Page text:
The reason that SSDs degrade over time is quite simple. For an area of the SSD to accept new data, the old data must first be removed, creating a performance hit on each write attempt because each page must first be read from (to determine whether or not the page is empty) then effectively be written to twice, once to clear the original data and once more to write the new data to the page.
The more deletion that takes place over time, the more likely it is that some or all of the pages being written to will need to be cleared of their current data first. In the early days of SSD drives this performance hit eventually resulted in any speed benefits that may have existed eroding to the point that the SSD would become slower than a traditional hard disk.
This problem is known as write amplification and quickly becomes a big and unwanted issue on your expensive SSD.
More on Write Amplification
The write amplification phenomenon exists due to the requirement for flash cells to be empty before they can be written to. There is a further issue compounding the way in which this issue is handled within the SSD and that is down to the fundamental way in which an SSD works.
Data is split up on an SSD into various units, here we are considering SSD ‘pages’ and SSD ‘blocks’. When data is written to an SSD it is written in pages, these pages are normally 2 or 4KB. When an erase cycle takes place however, it must take place on a block. This block will be made up of a number of pages, lets say 5 for the sake of this article.
When a small file, or a portion of a larger file is written to a page within a block, there may be other pages which are used by other data, there is no problem with the SSD storing data in this way, until one of the files occupying the same page is deleted. We have already discussed that in order for the SSD to be optimised, this deleted data must be cleared by TRIM, but we are presented with a further issue that can slow down the SSD even further. This issue is the fact that the SSD can only clear the contents of a used area a block at a time. Because of this a further overhead is added as the data which occupies that same block and has not been deleted needs to be cached by the SSD whilst it carries out the clearing of the block and then re-written again once the clearing has taken place.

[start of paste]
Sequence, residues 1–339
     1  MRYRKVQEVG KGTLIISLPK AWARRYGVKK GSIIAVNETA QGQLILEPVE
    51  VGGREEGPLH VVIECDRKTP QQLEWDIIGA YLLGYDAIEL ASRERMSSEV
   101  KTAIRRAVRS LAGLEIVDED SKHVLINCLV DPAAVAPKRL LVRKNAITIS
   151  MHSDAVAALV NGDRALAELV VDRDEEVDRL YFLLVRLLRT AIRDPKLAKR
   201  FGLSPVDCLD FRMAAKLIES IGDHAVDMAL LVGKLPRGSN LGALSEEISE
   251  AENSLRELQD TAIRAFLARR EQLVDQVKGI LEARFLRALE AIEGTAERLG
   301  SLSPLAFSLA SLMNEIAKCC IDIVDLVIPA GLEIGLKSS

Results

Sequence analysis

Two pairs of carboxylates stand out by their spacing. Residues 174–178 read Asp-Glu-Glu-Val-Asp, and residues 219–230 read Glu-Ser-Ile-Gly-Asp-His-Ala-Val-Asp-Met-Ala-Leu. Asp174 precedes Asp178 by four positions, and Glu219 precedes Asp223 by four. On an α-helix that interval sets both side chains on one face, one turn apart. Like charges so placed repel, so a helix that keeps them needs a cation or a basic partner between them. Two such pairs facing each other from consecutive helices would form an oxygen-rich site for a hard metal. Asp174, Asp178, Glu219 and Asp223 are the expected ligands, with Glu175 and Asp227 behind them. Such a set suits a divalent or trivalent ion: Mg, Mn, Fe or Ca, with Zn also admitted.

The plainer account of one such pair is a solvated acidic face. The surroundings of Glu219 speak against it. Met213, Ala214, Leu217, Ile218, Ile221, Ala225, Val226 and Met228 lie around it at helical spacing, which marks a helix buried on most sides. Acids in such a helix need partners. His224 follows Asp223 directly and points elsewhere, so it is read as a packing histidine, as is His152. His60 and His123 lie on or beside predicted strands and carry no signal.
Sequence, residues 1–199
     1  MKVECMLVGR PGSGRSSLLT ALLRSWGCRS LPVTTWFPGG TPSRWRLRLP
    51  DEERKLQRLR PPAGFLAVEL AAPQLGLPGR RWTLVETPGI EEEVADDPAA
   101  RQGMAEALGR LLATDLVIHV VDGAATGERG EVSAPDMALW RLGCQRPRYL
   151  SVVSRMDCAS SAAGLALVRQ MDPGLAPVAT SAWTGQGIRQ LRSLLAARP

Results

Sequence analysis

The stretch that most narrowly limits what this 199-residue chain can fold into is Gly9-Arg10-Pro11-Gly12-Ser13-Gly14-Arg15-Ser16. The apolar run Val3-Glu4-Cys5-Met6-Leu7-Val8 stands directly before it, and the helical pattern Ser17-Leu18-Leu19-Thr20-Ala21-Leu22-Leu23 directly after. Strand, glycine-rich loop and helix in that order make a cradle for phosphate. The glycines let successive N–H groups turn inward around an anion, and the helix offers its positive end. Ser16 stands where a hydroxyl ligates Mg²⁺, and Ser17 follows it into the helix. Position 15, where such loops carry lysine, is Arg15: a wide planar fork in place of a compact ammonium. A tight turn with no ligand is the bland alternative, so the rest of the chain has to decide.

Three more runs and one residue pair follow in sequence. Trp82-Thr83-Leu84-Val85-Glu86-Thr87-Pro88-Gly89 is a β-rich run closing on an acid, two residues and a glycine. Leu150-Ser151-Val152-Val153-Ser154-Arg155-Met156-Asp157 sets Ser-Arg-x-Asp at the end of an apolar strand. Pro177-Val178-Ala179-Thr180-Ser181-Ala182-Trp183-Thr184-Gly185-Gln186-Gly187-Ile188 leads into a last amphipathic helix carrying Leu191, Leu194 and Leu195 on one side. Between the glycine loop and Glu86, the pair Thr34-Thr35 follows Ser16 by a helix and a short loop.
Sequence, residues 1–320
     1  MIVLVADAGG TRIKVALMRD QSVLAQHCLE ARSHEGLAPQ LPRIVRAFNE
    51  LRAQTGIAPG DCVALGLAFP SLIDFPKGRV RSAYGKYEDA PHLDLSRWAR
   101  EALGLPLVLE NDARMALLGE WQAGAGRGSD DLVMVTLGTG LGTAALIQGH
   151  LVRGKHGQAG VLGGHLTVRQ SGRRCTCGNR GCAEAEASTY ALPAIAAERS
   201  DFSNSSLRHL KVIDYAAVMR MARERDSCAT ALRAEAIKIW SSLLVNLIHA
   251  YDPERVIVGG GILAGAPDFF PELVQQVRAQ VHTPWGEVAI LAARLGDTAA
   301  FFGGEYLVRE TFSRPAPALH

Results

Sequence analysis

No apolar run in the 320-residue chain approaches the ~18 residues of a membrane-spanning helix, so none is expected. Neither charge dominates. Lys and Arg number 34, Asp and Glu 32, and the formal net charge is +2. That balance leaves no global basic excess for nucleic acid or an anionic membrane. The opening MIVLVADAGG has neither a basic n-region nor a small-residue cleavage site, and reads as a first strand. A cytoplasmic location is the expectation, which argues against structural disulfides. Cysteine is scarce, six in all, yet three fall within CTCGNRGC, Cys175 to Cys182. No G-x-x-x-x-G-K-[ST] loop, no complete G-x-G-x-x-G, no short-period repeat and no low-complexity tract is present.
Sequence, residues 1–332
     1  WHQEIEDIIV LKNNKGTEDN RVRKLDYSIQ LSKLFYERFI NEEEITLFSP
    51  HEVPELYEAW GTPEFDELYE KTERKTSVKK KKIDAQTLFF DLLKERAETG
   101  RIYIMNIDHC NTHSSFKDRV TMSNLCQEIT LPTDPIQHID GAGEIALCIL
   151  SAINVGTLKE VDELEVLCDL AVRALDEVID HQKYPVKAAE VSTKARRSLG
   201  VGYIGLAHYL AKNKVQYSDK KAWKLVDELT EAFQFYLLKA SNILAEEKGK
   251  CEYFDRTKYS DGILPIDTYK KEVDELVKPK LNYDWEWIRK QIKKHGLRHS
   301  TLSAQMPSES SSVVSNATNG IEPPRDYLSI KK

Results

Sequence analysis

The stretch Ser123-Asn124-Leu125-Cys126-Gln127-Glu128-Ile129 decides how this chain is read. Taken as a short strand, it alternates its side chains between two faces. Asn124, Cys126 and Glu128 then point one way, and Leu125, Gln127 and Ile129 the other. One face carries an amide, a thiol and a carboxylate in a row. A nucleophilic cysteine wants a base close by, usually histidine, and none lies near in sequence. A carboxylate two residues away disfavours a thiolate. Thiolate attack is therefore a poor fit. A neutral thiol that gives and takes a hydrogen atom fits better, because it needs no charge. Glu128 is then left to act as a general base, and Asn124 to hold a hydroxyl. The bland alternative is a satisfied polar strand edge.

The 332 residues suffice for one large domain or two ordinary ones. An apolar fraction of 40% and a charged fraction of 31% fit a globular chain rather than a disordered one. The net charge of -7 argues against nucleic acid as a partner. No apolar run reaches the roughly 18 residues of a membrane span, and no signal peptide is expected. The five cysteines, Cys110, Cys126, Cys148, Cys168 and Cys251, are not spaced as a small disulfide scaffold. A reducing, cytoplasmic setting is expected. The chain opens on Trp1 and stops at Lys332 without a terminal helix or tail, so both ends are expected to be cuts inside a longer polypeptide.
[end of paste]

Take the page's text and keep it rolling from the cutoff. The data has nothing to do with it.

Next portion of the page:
For this reason write amplification may have a performance hit many times the advertised write speed of your SSD, in some cases this may be up to a 1000% increase. It is clear to see that this is a big problem if it is not effectively dealt with.
How does TRIM Work?
With a TRIM enabled SSD and computer some extra things go on when data is deleted, these things are not required for non-SSD drives.
Normally when a file is deleted, the record for that file within the file system is removed or marked as usable (or both, depending upon the particular file system/operating system combination). For a standard hard drive this results in the saving of time and overheads as there is no such problem as the above mentioned performance degradation in overwriting existing data.
On a TRIM enabled system an extra command is sent to the SSD drive, which otherwise would be unaware of what is going on at the file system level, when a file is deleted. This command tells the SSD which pages contain deleted data, allowing the SSD to clear these pages during its garbage collection cycles.
How does TRIM affect Data Recovery?
This is a simple question to answer. Once the data has been cleared using TRIM it is not recoverable. The data is zeroed out in a way that leaves no remaining trace of the previous content.
It is not possible to recover deleted data from a TRIM enabled SSD/operating system once the TRIM command has cleared the data. All of those file un-delete programs that have saved people from lost data from their traditional hard disk drive are no longer of any use once TRIM has come into play.
If the prevalence of the SSD is to continue, file recovery software may soon become a thing of the past or at least resigned to limited usage where the system has failed or become corrupted rather than the data having been deleted.